by Marie-Christine et Jean-Paul Tavin

Far from the noble buildings on the façade of the 18th century docks of Bordeaux which make the city’s reputation, Bordeaux housing is very different from what the tourist guides present. As you walk around the city and its suburbs, you will notice that the streets are lined with small, low houses : “échoppes” which have a simple and modest side, in a word, human!

Initially intended to house a working population, the “échoppes” of Bordeaux are nowadays a very popular habitation!

Originally, the “échoppes”, “choppe” or “choppa”, was a wooden lean-to, leaning on the city walls, housing the activities of craftsmen and traders.

The term has persisted by adapting to new uses and ended up designating a type of housing that appeared in the 18th century, thanks to a prosperous economic period, located on the outskirts of the city.

The particularity of the “échoppe” is that it is a semi-detached stone house (this is Bordeaux!) and on one level, between street and garden. The garden at the back was a vegetable garden which allowed the family to survive.

At the front, the street was a natural extension of the private space, and children could play and people sat down to chat (we’re talking about a time that those under 60 cannot know, where security reigned, where screens and social networks had not taken precedence over direct conviviality….)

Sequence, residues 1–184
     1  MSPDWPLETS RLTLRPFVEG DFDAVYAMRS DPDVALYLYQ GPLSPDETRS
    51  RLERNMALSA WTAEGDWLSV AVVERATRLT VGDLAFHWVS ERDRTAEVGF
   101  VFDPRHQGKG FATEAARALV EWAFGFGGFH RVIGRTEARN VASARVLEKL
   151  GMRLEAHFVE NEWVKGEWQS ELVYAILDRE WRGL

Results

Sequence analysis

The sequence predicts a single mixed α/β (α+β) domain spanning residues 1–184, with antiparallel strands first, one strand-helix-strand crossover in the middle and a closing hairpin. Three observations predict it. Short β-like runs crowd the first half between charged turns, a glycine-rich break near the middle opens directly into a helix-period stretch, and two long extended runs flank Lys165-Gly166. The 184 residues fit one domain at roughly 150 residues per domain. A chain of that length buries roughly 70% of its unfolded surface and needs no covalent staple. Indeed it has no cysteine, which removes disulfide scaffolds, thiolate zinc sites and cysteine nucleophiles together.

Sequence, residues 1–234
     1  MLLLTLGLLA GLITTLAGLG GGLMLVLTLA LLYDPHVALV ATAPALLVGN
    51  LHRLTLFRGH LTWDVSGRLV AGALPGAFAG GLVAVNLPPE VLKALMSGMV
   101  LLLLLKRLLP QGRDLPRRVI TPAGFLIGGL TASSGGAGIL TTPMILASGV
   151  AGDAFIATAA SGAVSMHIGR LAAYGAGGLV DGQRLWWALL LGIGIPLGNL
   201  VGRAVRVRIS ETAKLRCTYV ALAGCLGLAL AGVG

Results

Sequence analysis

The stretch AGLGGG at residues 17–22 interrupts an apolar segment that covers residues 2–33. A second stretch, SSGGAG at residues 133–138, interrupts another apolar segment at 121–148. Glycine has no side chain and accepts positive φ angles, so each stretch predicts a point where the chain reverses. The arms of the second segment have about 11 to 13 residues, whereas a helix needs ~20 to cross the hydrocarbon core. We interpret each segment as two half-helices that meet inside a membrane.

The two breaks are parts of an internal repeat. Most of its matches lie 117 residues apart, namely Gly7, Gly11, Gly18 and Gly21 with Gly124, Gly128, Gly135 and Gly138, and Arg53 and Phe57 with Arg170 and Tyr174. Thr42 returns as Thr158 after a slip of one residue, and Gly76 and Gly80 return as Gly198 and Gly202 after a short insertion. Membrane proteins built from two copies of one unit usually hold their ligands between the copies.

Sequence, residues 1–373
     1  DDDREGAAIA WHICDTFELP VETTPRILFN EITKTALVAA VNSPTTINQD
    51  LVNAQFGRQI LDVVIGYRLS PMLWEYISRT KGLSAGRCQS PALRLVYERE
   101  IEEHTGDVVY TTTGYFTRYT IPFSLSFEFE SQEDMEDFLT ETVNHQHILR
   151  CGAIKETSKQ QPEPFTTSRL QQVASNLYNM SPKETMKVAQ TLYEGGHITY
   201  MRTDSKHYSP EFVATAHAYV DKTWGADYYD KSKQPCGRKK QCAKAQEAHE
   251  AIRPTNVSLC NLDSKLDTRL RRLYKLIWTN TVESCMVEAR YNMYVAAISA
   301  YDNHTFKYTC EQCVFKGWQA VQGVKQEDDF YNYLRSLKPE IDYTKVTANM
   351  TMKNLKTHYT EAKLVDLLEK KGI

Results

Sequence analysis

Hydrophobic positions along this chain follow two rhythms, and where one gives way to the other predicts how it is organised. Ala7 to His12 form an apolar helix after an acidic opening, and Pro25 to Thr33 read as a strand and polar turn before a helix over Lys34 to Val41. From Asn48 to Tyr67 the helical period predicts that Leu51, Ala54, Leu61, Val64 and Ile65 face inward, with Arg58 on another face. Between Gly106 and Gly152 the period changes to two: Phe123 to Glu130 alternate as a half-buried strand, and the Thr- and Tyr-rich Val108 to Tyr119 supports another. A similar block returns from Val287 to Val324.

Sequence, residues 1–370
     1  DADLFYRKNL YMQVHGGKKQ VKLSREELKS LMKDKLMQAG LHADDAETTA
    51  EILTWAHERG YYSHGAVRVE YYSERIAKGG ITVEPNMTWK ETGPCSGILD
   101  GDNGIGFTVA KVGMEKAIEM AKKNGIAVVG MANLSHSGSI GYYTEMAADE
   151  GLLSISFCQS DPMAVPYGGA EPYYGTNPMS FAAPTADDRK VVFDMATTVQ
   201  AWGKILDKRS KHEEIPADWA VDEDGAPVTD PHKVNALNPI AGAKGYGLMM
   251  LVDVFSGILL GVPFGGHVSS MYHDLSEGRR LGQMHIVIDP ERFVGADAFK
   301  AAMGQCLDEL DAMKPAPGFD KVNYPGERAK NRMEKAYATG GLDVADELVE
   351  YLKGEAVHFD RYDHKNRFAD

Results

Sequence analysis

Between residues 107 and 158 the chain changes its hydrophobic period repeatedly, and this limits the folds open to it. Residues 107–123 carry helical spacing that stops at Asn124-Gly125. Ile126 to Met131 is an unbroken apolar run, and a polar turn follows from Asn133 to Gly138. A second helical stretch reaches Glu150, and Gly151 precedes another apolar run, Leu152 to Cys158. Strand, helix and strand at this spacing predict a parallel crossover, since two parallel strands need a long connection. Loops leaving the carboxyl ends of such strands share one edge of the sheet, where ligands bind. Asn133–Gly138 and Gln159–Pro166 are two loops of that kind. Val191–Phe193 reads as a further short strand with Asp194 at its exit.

From the 18th century, but especially during the 19th century, a period of significant economic growth, the population of Bordeaux increased due to the arrival of agricultural workers attracted by the jobs. New neighborhoods are created, in which we find rows of shops.

Modest, the “simple échoppe” only has an entrance door and a window at the front. Without or with little decoration on its facade, it is generally designed for workers. It consists of three rooms in a row distributed by the side corridor with the common black room in the middle. It often belongs to an owner who owns several. 

More opulent, the “doubleéchoppe” has one or two windows on either side of the front door. It has the same characteristics as simple ones, the central corridor distributing four to six rooms. Its facade is often ornate.

The “échoppe” is built of cut stone, its roof is asymmetrical with a ridge parallel to the street, the tiles are most often Gironde tiles. The entrance doors, shutters, joinery and parquet floors are made of oak or pine wood. The door is most often topped with a glass transom which illuminates the corridor. The small door on the street sidefacade, often constitutes the only access to the cellar, which allowed coal to be stored. Over the years, the scullery, the toilets and the veranda were added.

The decoration of the facades is more or less rich. From the simple dentil border under the cornice, the friezes are decorated, over time, with acanthus leaves or arabesques while the lintels of the doors and windows are decorated with garlands of flowers and fruits, masks with human or animal heads.

The “échoppes” are mainly located in certain districts of Bordeaux but they are also found in nearby towns.

There would be more than 10,000! They constitute a sought-after and prized property which allows its happy owners (or tenants) to reside in the city while feeling in the countryside thanks to the garden at the back of the house.

The Bordeaux échoppe is an essential architectural element of the city of Bordeaux (and its outskirts). Massive, almost austere (this is Bordeaux too), it is a model of successful urban planning and integration.